In a decision that was still highly critical of the parents and of homeschooling, the appeals court decided that the action of the lower court in putting the children in the custody of the state was “disproportional” and ordered complete custody returned to the parents, according to a statement by the HSLDA.

The Wunderlichs, who began homeschooling again when the court signaled it would rule this way, said they were very pleased with the result, but noted that the court’s harsh words about homeschooling indicated that their battle was far from over.

“We have won custody and we are glad about that,” Dirk said.

“The court said that taking our children away was not proportionate—only because the authorities should apply very high fines and criminal prosecution instead. But this decision upholds the absurd idea that homeschooling is child endangerment and an abuse of parental authority.”

The Wunderlichs are now free to emigrate to another country where homeschooling is legal, if they choose, but they said they intend to remain in Germany and work for educational freedom.

“While we no longer fear that our children will be taken away as long as we are living in Hessen, it can still happen to other people in Germany,” Dirk said. “Now we fear crushing fines up to $75,000 and jail. This should not be tolerated in a civilized country.”

Petra Wunderlich said, "We could not do this without the help of HSLDA,” but cautioned that, “No family can fight the powerful German state—it is too much, too expensive."

"If it were not for HSLDA and their support, I am afraid our children would still be in state custody. We are so grateful and thank all homeschoolers who have helped us by helping HSLDA.”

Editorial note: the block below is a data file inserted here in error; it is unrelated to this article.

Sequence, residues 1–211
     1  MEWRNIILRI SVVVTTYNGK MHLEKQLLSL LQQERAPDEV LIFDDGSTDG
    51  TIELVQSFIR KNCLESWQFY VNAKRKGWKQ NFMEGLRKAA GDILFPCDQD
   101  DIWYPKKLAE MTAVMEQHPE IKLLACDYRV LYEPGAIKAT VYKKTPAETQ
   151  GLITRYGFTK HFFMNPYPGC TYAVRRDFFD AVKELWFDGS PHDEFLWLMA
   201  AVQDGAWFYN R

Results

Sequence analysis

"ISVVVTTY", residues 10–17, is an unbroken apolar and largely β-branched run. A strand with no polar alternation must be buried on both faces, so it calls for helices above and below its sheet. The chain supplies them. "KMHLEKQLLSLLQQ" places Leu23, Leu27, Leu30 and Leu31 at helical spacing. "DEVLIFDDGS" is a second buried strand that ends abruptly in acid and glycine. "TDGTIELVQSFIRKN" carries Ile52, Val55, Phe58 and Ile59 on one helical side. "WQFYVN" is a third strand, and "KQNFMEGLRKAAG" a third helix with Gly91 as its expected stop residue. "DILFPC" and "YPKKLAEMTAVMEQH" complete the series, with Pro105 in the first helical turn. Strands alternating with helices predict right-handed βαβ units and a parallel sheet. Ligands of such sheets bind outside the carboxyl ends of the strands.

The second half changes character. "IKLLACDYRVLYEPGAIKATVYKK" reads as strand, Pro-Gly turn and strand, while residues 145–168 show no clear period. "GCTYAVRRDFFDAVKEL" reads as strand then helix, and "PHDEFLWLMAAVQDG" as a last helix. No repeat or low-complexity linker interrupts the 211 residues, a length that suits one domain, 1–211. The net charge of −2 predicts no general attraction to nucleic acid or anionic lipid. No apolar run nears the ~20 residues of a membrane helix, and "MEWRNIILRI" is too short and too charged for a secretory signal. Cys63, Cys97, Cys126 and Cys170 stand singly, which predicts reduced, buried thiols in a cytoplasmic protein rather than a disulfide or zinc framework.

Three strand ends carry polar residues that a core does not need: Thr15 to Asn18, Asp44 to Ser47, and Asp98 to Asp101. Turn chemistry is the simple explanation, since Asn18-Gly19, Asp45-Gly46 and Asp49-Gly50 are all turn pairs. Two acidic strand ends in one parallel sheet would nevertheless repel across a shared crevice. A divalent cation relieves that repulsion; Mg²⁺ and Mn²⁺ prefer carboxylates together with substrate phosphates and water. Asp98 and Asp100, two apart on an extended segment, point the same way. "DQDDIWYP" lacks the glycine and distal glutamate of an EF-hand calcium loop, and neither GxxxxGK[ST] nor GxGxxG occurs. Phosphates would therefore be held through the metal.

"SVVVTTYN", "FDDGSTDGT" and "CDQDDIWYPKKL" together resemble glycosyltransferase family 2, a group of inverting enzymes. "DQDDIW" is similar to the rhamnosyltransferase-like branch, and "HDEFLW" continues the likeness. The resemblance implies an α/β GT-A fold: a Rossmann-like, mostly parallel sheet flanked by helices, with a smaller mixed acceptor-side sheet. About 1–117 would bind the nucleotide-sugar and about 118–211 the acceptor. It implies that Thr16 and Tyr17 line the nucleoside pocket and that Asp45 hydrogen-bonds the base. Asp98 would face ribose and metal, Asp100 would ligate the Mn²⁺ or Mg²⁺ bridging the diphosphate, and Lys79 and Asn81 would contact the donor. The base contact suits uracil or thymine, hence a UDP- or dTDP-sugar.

HSLDA’s Director for Global Outreach, Michael Donnelly, said he welcomed the ruling but was concerned about the court’s troubling language.

“We welcome this ruling that overturns what was an outrageous abuse of judicial power,” he said.

“The lower court decision to take away legal custody of the children essentially imprisoned the Wunderlich family in Germany. But this decision does not go far enough. The court has only grudgingly given back custody and has further signaled to local authorities that they should still go after the Wunderlichs with criminal charges or fines.”

Donnelly pointed out that such behavior in a democratic country is problematic.

“Imprisonment and fines for homeschooling are outside the bounds of what free societies that respect fundamental human rights should tolerate,” he explained.

“Freedom and fundamental human rights norms demand respect for parental decision making in education. Germany’s state and national policies that permit banning home education must be changed.

"Such policies from a leading European democracy not only threaten the rights of tens of thousands of German families but establish a dangerous example that other countries may be tempted to follow,” Donnelly warned.

HSLDA Chairman Michael Farris said that acting on behalf of the Wunderlichs was an important stand for freedom.

“The Wunderlichs are a good and decent family whose basic human rights were violated and are still threatened,” Farris said.

“Their fight is our fight," Farris stressed, "and we will continue to support those who stand against German policy banning homeschooling that violates international legal norms. Free people cannot tolerate such oppression and we will do whatever we can to fight for families like the Wunderlichs both here in the United States and abroad. We must stand up to this kind of persecution where it occurs or we risk seeing own freedom weakened.”

Visit the HSLDA website dedicated to helping the Wunderlich family and other German homeschoolers here.

Contact the German embassy in the U.S. here.

Contact the German embassy in Canada here.